Russian President Vladimir Putin justified his invasion of Ukraine and praised the bravery of Russian soldiers in a speech at Moscow's Luzhniki Stadium on March 18. The Guardian quoted Putin as saying Russians had launched the invasion in order to end a genocide in the Donbas area of eastern Ukraine. "Stopping that was the goal of the special operation," said Putin, according to the paper.

The 69-year-old leader was quoted by Al Jazeera as saying Russian soldiers were supporting each other "and when needed they shield each other from bullets with their bodies like brothers." The event in the 80,000-capacity stadium had been organized to celebrate the eighth anniversary of Russia's annexation of Crimea, Al Jazeera said.

Police had estimated the size of the crowds in and around the stadium at 200,000, the news outlet said. CNN reported that some state employees had been ordered to attend the event.

Malfunction interrupts broadcast

France 24 noted that Russian state television's broadcast of the five-minute speech had been interrupted by a technical malfunction, but the broadcaster had then shown the speech in its entirety. The Telegraph said that Putin had appeared to walk with a limp.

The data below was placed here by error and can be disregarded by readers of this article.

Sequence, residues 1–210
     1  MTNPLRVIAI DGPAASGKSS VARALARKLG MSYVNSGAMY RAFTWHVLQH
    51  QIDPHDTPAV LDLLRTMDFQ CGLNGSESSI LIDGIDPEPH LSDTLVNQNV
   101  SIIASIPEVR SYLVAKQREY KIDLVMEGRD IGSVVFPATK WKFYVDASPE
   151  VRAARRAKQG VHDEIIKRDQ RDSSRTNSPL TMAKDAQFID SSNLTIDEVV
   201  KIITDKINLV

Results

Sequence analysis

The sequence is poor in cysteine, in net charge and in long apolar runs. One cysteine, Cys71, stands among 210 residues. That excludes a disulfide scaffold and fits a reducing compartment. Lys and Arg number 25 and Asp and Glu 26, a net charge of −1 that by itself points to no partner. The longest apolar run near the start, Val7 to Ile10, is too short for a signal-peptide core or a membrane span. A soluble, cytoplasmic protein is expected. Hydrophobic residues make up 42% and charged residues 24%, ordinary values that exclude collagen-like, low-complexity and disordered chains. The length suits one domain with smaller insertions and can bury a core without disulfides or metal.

Russian hypersonic missiles strike munitions depot

Hours after Putin's speech, AFP reported that the Russian Defense Ministry had claimed to have used hypersonic missiles to destroy a Ukrainian munitions depot. This was believed to be the first time the Kinzhal hypersonic missiles had been used against Ukraine, AFP said.

The New York Times said the attack on the depot in the western Ukrainian village of Delyatin could not be independently confirmed. The paper noted that some military authorities had doubted Russia's ability to use hypersonic missiles in combat.

Al Jazeera recalled Putin's claims that Kinzhal missiles could travel at 10 times the speed of sound and penetrate any American air defense system.

Al Jazeera recalled that the development of the Kinzhal had first been announced in 2018.

One in five Ukrainians have abandoned their homes

On March 19, The New York Times cited estimates from the United Nations that 20 percent of the 44 million people living in Ukraine before the war had been forced to leave their homes. The paper said that on March 18 the first United Nations convoy of food, water and medicine had arrived at the eastern Ukrainian city of Sumy.

According to the organization's estimates, more than 12 million Ukrainians were trapped in areas surrounded by safety hazards, the paper said.

The Hill recalled that Russia had started the War in Ukraine on February 24, but the Ukrainians had so far refused to be subdued.